In a real life clash of the titans, Walmart is suing Visa, claiming the card company conspired with banks to fix prices on the transaction fees retailers pay Visa.
The world’s largest retailer is asking for $5 billion in damages from the alleged price fixing and other antitrust violations.
According to The Wall Street Journal, Walmart claims that excessively high transaction fees have generated more than $350 billion for card issuers over the period from 2004 to 2012, at the expense of merchants and customers.
“The anticompetitive conduct of Visa and the banks forced Wal-Mart to raise retail prices paid by its customers and/or reduce retail services provided to its customers as a means of offsetting some of the artificially inflated interchange fees,” the company said. “As a result, Wal-Mart’s retail sales were below what they would have been otherwise.”
Will consumers benefit from this lawsuit? Potentially.
If the lawsuit ends in Walmart’s favor, then swipe fees for retailers could go down – savings that could be passed on to customers at checkout. But don’t expect to see those savings anytime soon.
ECreditDaily.com said, “Any savings for the public is far off on the horizon as these corporate giants spend millions in legal fees over a protracted period of time.”
Worst-case scenario: Walmart could drop its acceptance of Visa, but that would come at a heavy price, said eCreditDaily.com. The retail giant would risk driving away customers with Visa cards.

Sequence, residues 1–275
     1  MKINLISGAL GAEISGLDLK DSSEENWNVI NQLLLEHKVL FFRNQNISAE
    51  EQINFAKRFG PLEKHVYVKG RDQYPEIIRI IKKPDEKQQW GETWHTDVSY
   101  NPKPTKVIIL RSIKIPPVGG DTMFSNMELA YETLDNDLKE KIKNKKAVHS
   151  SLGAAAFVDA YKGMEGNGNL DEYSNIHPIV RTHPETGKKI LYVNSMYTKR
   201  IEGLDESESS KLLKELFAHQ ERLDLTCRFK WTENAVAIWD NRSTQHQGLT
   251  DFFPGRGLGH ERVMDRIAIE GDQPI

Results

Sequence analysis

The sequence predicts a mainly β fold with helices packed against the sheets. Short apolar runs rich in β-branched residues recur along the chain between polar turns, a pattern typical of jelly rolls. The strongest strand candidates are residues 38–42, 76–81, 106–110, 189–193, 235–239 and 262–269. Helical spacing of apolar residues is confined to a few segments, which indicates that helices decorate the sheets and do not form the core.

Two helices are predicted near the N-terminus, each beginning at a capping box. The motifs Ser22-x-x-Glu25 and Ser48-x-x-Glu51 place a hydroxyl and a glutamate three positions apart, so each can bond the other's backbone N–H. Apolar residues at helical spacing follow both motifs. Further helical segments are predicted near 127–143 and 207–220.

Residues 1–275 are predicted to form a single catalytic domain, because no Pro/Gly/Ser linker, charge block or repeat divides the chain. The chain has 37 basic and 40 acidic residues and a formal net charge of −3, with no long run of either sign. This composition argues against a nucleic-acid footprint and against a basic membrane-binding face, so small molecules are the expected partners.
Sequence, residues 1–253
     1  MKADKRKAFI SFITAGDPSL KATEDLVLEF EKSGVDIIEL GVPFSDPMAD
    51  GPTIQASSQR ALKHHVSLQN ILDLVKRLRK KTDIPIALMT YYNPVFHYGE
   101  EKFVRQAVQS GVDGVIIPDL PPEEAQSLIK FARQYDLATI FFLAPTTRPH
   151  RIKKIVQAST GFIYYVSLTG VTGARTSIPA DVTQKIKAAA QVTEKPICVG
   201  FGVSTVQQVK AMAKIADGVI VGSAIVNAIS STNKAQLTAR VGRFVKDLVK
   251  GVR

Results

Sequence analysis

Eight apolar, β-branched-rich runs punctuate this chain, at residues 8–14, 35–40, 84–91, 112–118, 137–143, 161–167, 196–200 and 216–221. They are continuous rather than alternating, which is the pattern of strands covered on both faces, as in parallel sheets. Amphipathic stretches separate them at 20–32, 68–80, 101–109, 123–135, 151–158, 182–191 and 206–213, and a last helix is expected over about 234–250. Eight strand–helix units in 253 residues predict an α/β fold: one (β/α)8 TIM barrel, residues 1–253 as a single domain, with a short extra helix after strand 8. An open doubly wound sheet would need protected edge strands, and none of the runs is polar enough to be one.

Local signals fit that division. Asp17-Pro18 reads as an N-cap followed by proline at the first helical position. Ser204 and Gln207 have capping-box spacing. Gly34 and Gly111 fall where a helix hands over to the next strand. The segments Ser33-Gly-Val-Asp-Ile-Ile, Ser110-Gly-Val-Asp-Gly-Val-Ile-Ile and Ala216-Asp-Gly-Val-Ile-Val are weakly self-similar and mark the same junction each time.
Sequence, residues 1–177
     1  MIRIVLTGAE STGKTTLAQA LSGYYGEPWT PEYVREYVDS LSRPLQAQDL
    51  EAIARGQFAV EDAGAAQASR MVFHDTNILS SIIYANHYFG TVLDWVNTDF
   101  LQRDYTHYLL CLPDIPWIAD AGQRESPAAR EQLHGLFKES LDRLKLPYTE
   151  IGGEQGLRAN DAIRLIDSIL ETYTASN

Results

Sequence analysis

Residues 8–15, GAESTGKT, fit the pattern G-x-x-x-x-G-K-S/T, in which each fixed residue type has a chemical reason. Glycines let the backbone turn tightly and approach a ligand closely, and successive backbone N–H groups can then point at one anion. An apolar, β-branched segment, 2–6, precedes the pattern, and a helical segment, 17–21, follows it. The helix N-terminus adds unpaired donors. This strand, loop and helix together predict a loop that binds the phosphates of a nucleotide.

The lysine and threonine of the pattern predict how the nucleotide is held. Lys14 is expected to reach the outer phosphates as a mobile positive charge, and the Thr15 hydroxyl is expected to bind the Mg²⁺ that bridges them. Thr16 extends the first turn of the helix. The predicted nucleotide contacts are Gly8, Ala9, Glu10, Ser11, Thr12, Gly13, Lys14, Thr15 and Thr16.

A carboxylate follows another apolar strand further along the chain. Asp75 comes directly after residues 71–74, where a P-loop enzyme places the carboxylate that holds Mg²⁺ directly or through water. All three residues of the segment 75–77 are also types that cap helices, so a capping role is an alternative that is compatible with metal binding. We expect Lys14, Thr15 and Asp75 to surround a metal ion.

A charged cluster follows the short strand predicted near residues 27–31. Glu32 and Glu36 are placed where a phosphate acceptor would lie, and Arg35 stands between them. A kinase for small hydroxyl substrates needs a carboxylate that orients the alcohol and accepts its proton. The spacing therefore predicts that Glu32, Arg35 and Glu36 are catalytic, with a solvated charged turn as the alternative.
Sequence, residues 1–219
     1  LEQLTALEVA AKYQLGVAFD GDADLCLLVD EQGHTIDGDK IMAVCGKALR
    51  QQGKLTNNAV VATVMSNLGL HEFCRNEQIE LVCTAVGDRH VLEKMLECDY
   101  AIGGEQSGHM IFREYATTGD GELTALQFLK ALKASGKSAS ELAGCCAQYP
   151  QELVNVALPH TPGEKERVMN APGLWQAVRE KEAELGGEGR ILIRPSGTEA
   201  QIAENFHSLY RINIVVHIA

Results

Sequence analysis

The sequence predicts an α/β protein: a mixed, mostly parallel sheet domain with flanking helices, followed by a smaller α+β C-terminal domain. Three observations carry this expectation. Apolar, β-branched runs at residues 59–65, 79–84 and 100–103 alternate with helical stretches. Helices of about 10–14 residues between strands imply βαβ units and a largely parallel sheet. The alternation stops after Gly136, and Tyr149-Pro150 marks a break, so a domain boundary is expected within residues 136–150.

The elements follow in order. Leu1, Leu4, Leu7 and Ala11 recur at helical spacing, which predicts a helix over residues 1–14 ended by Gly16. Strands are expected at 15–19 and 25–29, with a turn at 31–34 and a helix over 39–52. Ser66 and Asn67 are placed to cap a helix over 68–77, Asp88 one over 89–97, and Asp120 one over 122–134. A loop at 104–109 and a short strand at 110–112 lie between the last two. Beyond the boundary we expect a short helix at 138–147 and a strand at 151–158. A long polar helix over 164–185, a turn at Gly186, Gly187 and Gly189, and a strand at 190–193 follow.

Bloomberg said this is the latest in a legal fight between retailers and card companies that has gone on for more than eight years. Retailers have contended that a lack of competition with industry giants Visa and MasterCard has enabled card swipe fees — about 2 percent of each purchase — to be set at unreasonably high levels. Walmart was one of dozens of merchants, including Target and Amazon, that bowed out of a class-action settlement between retailers and the two major card companies several months ago, in order to pursue their own lawsuits against the card companies.
Companies that opted out of the settlement have argued that the deal wouldn’t prohibit card networks from raising card-processing fees later on and would require merchants to waive their rights to sue payment networks on all current or future payment methods, ranging from credit cards to mobile phones.
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